“In the title role, Thomas Hampson is stellar. His strong body, handsome face, and kind smile is suited perfectly to the beloved Emperor. He plays his Hadrian as proper, reserved, and polite yet with this undercurrent of charisma roiling beneath the surface. The singing is outstanding. Often skirting the line between operatic and musical theatre production (similar to Wainwright’s score), Hampson takes us on a viable emotional journey in an accessible and visceral way; his aria in Act II reveals layer after layer of a man torn between honoring his true self and the conquering, ever-masculine Roman Emperor at the time of Jesus’s rise to prominence.”
“Thomas Hampson is magnificent as Hadrian, bringing expressive depth and broken regality to the ailing emperor, caught between Turbo and Plotina’s counsel and a paralyzing grief over Antinous. He makes excellent use of the range given to his character: at the opera’s outset, Hadrian remains collapsed on the floor, singing only his lover’s name in a melancholic, exhausted voice (Act I sees Hampson singing for lengthy periods of time while seated, an affecting and demanding choice from director Peter Hinton). His grief—though often present—is never one-note, but layered. When he goes back in time to the night he first met Antinous, he is a man transformed, his voice rich and full of vigour.”
“There was honest chemistry between Thomas Hampson (Hadrian) and Isaiah Bell (Antinous); Hampson is an endearing mix of vigorous and weathered, and Bell has a gorgeous arc from young caution to mature confidence. And perhaps this is the first time I’ve thought this in an opera, but the sex scene – much hyped and beautifully done, I thought – helped us connect with the two men.”
“Hadrian is a huge sing, and Thomas Hampson at age 63 did an amazing job… he sang strongly and indefatigably, commanding the stage with a mix of regal dignity and vulnerability.”
“A courageous performance”
Anthony Tommasini, The New York Times
“Toronto playwright Daniel MacIvor provides us with a simple plot: the early-second-century Roman emperor (excellently sung by American baritone Thomas Hampson)…”
“Renowned American baritone Thomas Hampson makes his COC debut in the title role. He delivered solid singing throughout…”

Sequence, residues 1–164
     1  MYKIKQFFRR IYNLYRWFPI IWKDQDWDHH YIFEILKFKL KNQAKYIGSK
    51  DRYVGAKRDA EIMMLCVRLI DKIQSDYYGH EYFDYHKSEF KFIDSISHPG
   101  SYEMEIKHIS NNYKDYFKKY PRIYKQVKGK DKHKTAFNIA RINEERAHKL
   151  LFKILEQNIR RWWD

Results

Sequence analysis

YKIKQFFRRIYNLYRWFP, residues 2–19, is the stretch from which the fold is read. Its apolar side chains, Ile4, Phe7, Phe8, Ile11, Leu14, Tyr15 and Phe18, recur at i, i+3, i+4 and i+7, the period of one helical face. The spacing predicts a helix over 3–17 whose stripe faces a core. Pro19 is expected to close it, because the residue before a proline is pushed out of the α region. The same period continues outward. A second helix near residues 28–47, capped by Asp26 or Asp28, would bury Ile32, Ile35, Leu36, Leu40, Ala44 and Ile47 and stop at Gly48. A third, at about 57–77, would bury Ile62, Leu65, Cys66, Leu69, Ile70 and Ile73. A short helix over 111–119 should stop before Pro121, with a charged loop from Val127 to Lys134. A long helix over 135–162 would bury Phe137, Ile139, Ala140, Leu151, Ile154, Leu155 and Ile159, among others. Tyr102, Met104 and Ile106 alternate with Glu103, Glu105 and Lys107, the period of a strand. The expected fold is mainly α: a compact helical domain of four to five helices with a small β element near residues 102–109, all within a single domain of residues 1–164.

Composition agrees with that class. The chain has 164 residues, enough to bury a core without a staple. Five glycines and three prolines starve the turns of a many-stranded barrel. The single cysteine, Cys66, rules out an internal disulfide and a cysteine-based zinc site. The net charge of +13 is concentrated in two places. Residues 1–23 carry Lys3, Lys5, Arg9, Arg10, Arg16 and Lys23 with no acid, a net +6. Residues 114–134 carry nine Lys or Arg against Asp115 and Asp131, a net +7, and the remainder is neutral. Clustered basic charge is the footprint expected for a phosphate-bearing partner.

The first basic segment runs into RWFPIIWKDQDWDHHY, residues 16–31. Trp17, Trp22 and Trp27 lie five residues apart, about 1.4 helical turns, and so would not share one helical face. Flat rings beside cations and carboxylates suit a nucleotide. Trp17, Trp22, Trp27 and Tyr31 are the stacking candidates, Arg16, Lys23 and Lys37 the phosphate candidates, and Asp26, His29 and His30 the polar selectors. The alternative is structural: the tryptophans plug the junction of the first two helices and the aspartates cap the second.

“Hampson is solid as a rock in his portrayal, and for the most part the one we’re watching throughout.”
Thomas Hampson and Luca Pisaroni present their “No Tenors Allowed” concert at the Stiftskirche Millstatt this month. On August 18, accompanied by their longtime collaborator, pianist Christian Koch, the artists will perform arias from the operatic repertoire, Broadway musical hits, and classical and popular songs. In the 2019/20 season, Hampson and Pisaroni take their ebullient concert series to both Provo, Utah (October 1), and then to the Teatro Colón in Buenos Aires (October 4).
Thomas Hampson joins the Turku Philharmonic Orchestra, conducted by Klaus Mäkelä, for the opening concert of the Turku Musical Festival on August 8, at the Turku Concert Hall. Hampson will perform selections from Mahler’s Des Knaben Wunderhorn. Completing the program is Wagner’s Overture to Die Meistersinger von Nürnberg, Strauss’ epic tone poem Also sprach Zarathustra, as well as Saariaho’s Asteroid 4179: Toutatis, which is inspired by an asteroid named after a Celtic god worshipped in ancient Gaul and Britain.
On July 31, Thomas Hampson brings his Song of America: Beyond Liberty project to the Tanglewood Festival, featuring guest artist, pianist Lara Downes, and the Beyond Liberty Players. Together they bring the American songbook to Ozawa Hall and explore the influential people and monumental events that helped create and define America.
Marking the 26th edition, Thomas Hampson returns to the Verbier Festival this month for two exciting performances and several masterclasses with students from the Verbier Festival Academy.
Thomas Hampson joins the Bayerisches Staatsorchester and soprano Golda Schultz for Oper für alle on July 20 at the Marstallplatz. Part of the Münchner Opernfestspiele, the free open-air concert will be led by Maestro Kirill Petrenko, and broadcasted live via Staatsoper.tv.
On July 11, Thomas Hampson joins Romanian soprano Elena Moșuc and the Slovenian Philharmonic Orchestra, led by Nicolae Moldoveanu, for an evening of opera arias and duets at the Cankarjev dom. The program features works by Rossini, Donizetti, Mozart, Bellini, Massenet and Verdi.
The Ljubljana Festival, rich in tradition, shapes the summer cultural events of the city with world-class art events.
In song, you have one of the most amazing diaries of any generation’s culture at a given time.